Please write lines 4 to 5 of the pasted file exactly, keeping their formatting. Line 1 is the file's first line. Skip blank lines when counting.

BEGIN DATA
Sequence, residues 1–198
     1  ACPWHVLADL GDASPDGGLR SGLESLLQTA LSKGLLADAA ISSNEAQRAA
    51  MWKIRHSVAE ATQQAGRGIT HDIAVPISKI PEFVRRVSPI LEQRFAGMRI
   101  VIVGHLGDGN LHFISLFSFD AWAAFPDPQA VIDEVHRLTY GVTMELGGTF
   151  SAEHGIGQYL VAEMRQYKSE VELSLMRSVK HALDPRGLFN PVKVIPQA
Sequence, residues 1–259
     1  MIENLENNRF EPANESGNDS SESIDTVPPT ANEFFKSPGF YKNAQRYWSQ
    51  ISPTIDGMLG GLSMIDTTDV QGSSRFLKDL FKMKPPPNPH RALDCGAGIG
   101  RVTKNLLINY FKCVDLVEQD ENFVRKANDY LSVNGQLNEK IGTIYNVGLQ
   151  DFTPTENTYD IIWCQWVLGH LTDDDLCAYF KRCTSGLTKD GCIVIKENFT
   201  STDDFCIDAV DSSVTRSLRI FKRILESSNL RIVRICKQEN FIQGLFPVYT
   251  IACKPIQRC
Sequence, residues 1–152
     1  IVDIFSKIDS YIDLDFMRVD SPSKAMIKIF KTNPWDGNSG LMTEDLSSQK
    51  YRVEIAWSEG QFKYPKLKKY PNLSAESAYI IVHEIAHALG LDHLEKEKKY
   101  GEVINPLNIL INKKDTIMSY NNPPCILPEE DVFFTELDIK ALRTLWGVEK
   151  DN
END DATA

   101  VIVGHLGDGN LHFISLFSFD AWAAFPDPQA VIDEVHRLTY GVTMELGGTF
   151  SAEHGIGQYL VAEMRQYKSE VELSLMRSVK HALDPRGLFN PVKVIPQA